UC Santa Barbara
Examining differences among member satisfaction within a self-organized virtual community of professionals: A model of satisfaction based on the self-selection process participants engage in and their ability to fulfill their basic psychological needs
- Author(s): Bator, Melissa
- Advisor(s): Flanagin, Andrew J
- et al.
The research related to what motivates member participation within peer production enterprises as a whole has not produced a reliable list of motivations present among peer production participants. Instead, motivations are often defined idiosyncratically (e.g., Butler et al., 2007; Oreg & Nov, 2009) and participation is simplified to a dichotomous variable or crudely measured by frequency (e.g., Chen & Hung, 2010). This makes it difficult to compare and contrast peer production efforts or understand the larger theoretical contribution of these studies of motivation. In an effort to rethink how member motivation is understood within peer production enterprises, this research develops and tests a model of member satisfaction within a self-organized virtual community (SVC) of professionals that conceptualizes member satisfaction as being (1) directly connected to person-community and demands-abilities fit and (2) indirectly connected to fit through the fulfillment of members’ basic psychological needs for competence, relatedness, and autonomy (Deci & Ryan, 2000). Additionally, individual filtering, a cognitive heuristic members of SVCs may utilize to personalize the information environment within an SVC, is introduced as a moderator in order to understand how these direct and indirect effects are conditioned on this participation management strategy. One of the main advantages of this theoretical model is that it does not require quantifying the amount or categorizing the type of member participation in order to understand member motivations and satisfaction, making it suitable for use in most peer production contexts (Benkler, 2006), even those scattered across multiple online platforms.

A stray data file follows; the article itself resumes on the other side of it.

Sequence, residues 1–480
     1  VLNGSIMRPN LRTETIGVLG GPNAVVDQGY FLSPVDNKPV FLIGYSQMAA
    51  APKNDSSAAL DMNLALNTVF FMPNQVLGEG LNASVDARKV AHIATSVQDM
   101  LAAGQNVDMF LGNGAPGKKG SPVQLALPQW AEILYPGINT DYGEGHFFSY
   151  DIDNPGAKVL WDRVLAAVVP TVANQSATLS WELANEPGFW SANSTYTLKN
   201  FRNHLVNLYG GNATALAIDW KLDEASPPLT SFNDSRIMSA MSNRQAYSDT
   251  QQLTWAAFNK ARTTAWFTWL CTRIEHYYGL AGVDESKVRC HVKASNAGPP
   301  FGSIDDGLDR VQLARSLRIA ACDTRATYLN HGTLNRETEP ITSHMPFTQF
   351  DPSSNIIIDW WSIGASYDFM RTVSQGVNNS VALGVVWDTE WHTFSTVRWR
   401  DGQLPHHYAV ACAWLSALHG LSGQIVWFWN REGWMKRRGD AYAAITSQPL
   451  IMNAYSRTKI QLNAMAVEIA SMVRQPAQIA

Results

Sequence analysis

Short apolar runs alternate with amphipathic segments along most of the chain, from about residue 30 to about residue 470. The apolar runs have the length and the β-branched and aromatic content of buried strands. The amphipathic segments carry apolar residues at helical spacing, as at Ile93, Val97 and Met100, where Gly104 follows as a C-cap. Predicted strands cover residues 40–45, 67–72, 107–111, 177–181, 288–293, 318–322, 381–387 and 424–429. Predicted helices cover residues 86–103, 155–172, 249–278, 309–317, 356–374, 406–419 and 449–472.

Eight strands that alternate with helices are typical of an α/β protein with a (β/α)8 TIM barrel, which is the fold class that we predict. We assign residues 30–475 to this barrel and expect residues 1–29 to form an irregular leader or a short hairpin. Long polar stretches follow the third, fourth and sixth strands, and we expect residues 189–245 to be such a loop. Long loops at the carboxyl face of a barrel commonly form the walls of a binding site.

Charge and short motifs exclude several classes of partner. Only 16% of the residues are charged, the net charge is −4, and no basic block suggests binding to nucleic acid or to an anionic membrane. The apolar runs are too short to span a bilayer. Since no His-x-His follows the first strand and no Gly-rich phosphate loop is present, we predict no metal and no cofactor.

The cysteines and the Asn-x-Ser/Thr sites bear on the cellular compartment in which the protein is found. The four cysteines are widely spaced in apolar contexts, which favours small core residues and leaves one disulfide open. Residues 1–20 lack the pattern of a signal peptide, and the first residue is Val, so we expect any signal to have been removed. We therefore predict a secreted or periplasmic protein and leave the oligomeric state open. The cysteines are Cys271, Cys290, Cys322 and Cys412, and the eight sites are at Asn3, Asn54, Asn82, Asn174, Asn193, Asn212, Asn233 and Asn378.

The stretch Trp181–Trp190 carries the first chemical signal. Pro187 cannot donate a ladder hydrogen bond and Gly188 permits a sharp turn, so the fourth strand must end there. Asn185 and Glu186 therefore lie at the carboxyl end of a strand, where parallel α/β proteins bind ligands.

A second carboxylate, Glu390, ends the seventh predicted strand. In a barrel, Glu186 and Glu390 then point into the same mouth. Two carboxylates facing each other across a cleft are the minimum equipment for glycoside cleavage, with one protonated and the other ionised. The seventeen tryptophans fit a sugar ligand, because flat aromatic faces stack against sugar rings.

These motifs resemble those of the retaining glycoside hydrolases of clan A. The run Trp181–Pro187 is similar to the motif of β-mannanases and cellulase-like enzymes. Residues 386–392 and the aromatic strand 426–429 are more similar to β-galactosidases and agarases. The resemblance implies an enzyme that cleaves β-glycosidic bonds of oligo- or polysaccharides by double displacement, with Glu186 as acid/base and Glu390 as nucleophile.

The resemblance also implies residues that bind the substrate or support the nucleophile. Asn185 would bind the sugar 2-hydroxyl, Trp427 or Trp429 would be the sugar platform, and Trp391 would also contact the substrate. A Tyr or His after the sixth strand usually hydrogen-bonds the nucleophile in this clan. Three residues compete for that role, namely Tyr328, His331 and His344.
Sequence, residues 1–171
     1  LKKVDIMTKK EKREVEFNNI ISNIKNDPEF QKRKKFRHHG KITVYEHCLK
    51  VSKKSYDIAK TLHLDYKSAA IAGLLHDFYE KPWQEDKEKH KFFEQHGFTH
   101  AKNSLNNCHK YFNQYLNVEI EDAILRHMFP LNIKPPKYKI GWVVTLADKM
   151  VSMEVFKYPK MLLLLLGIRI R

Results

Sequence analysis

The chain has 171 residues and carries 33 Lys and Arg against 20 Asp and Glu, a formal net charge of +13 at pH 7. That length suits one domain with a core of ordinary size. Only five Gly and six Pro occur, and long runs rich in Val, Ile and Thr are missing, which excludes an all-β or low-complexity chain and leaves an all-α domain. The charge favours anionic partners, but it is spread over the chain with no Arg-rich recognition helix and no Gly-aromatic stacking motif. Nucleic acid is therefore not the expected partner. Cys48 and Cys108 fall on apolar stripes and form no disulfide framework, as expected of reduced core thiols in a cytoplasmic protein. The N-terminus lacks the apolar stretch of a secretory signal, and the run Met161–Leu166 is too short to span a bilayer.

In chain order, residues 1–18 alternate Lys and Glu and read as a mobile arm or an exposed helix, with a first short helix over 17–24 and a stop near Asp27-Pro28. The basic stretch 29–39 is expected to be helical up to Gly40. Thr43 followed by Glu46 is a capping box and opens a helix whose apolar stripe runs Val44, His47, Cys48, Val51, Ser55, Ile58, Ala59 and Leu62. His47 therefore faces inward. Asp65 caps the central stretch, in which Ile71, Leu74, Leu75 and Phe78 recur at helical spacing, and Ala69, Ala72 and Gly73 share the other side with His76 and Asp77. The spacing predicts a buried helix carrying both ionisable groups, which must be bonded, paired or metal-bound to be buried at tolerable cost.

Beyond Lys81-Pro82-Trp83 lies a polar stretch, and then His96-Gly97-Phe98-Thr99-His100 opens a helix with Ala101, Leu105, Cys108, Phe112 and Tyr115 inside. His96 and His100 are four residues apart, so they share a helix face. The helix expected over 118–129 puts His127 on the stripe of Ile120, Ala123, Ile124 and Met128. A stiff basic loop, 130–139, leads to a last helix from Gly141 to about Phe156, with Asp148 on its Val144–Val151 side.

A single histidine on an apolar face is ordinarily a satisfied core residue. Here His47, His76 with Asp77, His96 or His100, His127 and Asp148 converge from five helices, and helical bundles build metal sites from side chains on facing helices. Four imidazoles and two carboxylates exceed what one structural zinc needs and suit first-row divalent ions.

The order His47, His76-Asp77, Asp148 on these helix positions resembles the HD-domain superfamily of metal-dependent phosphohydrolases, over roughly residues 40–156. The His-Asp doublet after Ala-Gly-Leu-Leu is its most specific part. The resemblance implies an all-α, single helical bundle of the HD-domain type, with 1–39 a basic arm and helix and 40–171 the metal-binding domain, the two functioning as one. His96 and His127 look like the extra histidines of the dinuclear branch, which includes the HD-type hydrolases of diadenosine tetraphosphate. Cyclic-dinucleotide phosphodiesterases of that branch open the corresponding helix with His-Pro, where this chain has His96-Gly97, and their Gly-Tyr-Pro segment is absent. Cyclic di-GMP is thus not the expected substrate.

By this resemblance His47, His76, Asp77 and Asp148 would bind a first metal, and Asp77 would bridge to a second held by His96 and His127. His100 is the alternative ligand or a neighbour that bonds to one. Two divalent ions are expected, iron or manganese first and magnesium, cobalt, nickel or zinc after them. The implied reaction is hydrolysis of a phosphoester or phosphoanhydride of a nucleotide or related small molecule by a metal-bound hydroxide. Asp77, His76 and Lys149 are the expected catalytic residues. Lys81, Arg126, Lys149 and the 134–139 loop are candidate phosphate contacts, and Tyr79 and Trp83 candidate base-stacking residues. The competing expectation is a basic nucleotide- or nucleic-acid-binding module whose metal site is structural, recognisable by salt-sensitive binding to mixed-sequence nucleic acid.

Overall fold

In order to test this model, members of the SVC KM4Dev were solicited to take part in an online survey (N = 212) from July – October 2016. KM4Dev (Knowledge Management for Development) is a SVC of international development practitioners and other professionals interested in knowledge management and knowledge sharing issues and approaches, with a membership of over 4000 people from around the world. Path analysis was employed to analyze the model.
Analyses revealed the model explained approximately two-thirds of the variance in satisfaction (R2=.65) and a similarity of importance (i.e., similar sized total effect) placed on PC fit and DA fit by members, in relation to satisfaction. The strongest path to satisfaction within this community is the indirect path from person-community fit through competence fulfillment to satisfaction, even when it is conditioned upon the moderator individual filtering. The need for autonomy had the lowest amount of variance explained in the model (R2=.24). Overall, the statistical support found for this model corroborates the use of a model of satisfaction premised on the assumptions of peer production (i.e., participant self-selection, Benkler, 2006). Furthermore, it simplifies the study of motivation by conceptualizing motivation as members’ ability to fulfill their basic psychological needs for autonomy, relatedness, and competence, instead of any want or desire a person may identify. Finally, through the introduction of moderating variables, such as individual filtering, this model is a tool to more precisely explain differences among members’ ability to fulfill their basic psychological needs and be satisfied with their overall community experience within a peer production enterprise.